Where to start? I don’t even know where to start taking stock of my own life, it’s like looking at the underside of a tapestry (or an unfinished piece of crochet with hundreds of loose ends to weave in). But it’s amazing how just one encounter can be a pivot between frustrated despair and awakening hope. Perhaps that in itself is a sign – as close to a shout, I suppose, from a God who hasn’t been listened to for some time.
A month and a half ago I was forcibly transferred to a senior position at my current workplace. There were no direct threats, of course, but when one is taken out into the office corridor in mid-May and told, “Management has decided that you will be going upstairs to XX department from 1 July,” and when one’s queries to the HR department about a new contract with terms and compensation commensurate to the new position are met with evasive refusals to discuss, and finally a dismissive, “This is normal, it doesn’t count as a promotion and it doesn’t merit any change of contract, you didn’t request or apply for the job, we are just redeploying staff; it’s just the way it is here,” a mere five days before the official move, it’s quite obvious what the company’s view of you as a person and an employee is.
Barely four and a half weeks into the job, an additional account is thrown into my lap. And then, last week, just as I was starting to get into the swing of things and preparing to officially take the reins of this third assignment, I’m told that management is considering handing my current favourite account to a colleague because one of her accounts has been cancelled – and I might need to “help out” with another, particularly annoying, account in order to continue “justifying my employability”.
Friends and colleagues have advised me to stick it out until the end of the year so that I at least have six months’ worth of official experience in the role on my resume, and also so that I have something to show for my pains (a few issues with my name in the credits). My rational side totally agrees, of course – I mean, I’m pretty much the sole breadwinner now and we have a kid to raise – but that old feeling of being sickened by the thought of continuing in this particular work environment that I last felt in 2009 is back. It’s not the disgusted frustration I felt when I decided to leave my second workplace, or the exasperated fatigue I experienced in my last weeks at my previous workplace. It’s that creeping sense of illness, of wrong, that drove me to leave what I had initially thought was my life’s calling – except that this time, I’m under no illusions about my current employer’s suitability as a long-term career partner.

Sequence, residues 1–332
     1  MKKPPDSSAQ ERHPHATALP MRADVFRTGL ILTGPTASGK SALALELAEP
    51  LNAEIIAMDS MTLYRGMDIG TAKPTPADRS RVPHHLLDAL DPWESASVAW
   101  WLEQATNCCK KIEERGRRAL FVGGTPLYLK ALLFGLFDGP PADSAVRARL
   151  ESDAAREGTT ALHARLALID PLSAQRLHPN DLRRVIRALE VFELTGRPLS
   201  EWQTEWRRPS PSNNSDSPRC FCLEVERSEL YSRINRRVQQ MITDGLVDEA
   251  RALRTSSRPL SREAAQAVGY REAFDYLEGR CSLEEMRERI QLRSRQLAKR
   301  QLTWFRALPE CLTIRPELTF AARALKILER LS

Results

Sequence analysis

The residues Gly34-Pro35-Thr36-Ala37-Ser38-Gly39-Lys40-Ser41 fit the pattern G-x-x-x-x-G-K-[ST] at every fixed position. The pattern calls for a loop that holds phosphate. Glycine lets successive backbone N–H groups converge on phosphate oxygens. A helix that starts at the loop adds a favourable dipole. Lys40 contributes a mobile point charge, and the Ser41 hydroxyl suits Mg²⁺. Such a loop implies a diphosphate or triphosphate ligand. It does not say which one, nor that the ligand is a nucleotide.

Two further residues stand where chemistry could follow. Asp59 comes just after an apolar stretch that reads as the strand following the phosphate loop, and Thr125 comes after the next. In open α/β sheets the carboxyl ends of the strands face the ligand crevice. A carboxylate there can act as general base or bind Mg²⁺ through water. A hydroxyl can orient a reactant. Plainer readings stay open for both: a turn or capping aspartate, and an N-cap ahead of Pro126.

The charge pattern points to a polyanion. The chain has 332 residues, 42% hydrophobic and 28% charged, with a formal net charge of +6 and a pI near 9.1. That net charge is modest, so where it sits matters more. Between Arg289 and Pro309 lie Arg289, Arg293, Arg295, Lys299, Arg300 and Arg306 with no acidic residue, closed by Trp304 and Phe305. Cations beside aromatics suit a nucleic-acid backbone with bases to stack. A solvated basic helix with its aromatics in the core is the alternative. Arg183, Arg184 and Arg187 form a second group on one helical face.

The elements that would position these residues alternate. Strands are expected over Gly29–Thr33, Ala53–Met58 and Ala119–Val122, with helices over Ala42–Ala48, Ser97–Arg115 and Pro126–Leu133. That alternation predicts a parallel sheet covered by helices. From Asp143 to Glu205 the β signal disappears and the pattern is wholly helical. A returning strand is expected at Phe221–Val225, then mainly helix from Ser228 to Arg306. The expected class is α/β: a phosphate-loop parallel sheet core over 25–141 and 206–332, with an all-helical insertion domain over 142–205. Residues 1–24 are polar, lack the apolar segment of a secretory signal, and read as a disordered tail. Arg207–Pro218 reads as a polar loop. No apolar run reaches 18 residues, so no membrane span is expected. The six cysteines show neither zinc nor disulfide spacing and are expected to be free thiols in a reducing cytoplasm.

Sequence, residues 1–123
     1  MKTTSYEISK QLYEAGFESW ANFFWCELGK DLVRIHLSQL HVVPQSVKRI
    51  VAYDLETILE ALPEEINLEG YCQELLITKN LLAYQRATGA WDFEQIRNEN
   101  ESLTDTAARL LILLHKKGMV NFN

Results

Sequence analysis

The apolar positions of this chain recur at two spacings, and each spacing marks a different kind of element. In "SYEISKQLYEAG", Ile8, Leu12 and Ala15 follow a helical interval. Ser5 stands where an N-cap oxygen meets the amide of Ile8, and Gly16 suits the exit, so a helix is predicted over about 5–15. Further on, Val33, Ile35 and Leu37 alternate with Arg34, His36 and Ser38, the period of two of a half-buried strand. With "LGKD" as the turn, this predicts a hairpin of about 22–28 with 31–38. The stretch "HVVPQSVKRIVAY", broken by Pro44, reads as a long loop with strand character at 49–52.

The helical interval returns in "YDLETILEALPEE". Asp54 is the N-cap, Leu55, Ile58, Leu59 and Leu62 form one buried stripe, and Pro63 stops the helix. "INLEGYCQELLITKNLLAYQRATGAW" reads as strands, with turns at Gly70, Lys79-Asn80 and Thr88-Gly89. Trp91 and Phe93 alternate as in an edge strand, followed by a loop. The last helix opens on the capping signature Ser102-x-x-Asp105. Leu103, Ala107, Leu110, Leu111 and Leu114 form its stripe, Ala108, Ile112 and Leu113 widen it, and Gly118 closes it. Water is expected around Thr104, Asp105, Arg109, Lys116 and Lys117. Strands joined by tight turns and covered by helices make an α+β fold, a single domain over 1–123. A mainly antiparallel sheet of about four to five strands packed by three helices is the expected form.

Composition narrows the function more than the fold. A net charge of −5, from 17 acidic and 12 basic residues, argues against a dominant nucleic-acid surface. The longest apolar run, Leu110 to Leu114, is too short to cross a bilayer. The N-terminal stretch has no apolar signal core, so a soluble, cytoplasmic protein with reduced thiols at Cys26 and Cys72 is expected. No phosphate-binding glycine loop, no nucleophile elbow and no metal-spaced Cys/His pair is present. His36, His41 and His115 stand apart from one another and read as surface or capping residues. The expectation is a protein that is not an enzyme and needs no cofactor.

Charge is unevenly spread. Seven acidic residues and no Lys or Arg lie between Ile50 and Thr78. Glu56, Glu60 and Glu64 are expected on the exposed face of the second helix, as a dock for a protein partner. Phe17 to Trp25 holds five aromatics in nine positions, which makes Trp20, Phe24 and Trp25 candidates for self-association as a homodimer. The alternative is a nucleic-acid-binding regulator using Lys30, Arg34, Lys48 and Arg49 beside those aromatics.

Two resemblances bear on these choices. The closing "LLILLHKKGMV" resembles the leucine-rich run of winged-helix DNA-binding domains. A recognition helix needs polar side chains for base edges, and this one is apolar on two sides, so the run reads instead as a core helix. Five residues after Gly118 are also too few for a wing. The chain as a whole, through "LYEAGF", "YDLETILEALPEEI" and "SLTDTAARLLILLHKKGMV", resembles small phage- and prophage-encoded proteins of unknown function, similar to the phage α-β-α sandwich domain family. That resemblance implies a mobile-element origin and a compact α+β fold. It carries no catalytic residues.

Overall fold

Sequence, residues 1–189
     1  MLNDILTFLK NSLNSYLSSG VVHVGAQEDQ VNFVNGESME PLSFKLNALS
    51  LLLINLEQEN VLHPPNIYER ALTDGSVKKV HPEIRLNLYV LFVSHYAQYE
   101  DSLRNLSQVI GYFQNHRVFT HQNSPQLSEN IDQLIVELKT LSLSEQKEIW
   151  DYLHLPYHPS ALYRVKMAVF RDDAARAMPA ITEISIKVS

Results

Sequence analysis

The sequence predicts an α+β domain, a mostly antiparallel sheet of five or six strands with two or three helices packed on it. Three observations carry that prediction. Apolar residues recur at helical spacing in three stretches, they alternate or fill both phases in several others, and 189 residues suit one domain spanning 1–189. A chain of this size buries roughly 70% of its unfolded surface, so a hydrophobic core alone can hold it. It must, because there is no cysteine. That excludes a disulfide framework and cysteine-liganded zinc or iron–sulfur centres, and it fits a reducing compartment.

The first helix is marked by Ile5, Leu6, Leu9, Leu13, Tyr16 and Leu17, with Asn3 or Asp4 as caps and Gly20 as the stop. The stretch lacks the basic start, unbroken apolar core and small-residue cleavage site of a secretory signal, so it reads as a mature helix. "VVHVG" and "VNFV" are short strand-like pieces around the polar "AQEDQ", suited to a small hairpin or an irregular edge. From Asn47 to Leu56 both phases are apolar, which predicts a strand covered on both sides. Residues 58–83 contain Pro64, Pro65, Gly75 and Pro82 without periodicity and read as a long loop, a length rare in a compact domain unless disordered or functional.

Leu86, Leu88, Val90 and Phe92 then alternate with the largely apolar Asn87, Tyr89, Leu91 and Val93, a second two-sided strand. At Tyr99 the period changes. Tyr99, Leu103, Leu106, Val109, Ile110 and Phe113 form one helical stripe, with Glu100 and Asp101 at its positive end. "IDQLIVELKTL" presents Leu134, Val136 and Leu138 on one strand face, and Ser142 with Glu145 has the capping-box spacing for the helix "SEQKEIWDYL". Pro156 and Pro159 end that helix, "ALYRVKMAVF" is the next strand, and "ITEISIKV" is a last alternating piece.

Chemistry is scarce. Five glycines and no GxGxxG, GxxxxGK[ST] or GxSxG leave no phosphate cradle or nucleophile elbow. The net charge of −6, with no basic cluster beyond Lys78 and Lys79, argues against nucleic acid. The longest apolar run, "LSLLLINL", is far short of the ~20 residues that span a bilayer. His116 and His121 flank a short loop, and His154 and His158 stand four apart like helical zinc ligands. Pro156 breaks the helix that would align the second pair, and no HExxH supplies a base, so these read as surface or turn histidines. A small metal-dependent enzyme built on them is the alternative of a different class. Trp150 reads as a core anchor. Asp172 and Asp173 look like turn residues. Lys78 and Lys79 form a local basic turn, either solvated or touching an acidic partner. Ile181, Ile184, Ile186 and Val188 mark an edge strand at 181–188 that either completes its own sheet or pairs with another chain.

Yesterday, during our third visit to a church we’re considering attending, we asked for prayer with one of the pastors. He said a lot of things that stunned me, both before and during his prayer. He asked if I’d taken any practical steps to ascertain my position and options while waiting for a clear direction from God, whether I’ve heard from God about whether to stay, and if yes, for how much longer, and prayed that I would not make decisions out of fear that I will not have/find another job.
Frankly, I’ve not been listening much, so even if God has been speaking, I’ve not heard. I’ve been angry and discouraged and not asked for His input. I have been afraid of making the wrong decisions financially. And when the pastor said those words about God’s direction and call for my career, I had a flashback of a church camp prayer/ministry session from years ago – I can’t remember if it was 2003 or 2004 – when I was fully convicted of a full time ministry call on my life. It was also the first time I experienced being “slain” as the charismatics like to call it – I prefer to simply call it falling under the power of the Spirit. I have not thought about that session for more than eight years now. The last time was when I was leaving my full-time position in that church (my first job) for a secular job and feeling like everything had been a lie, or that I had misheard God terribly and brought disaster upon myself.
I realise I really don’t quite recognise myself any more. Where is the woman who told her husband to go ahead and take a sabbatical to decide what it was he really wanted to do, when it was clear he was miserable in the IT industry? Where is the woman who was unafraid to confront company management over unfair or unethical practices, even to the point of being willing to leave if they refused to capitulate? Where is the woman who supported her husband’s unorthodox and seemingly impractical – even foolish – decision to go into massage/acupressure therapy, because she believed God gifted him with that skill, bent and interest for a reason?
Where is the woman who did all these things because she was entirely convicted that God would provide, so long as we were serving Him and doing our best to remain in the centre of His will? Where is the woman who fearlessly met every disapproving or discouraging word with, “It is written, ‘I have been young, and now am old; yet have I not seen the righteous forsaken, nor his seed begging bread.’ Psalm 37:25,” and, “It is written, ‘Be careful for nothing; but in every thing by prayer and supplication with thanksgiving let your requests be made known unto God.’ Philippians 4:6?”
I must find her. She must still be there, somewhere, half asleep, waiting to be woken. She has to return to the surface. She must.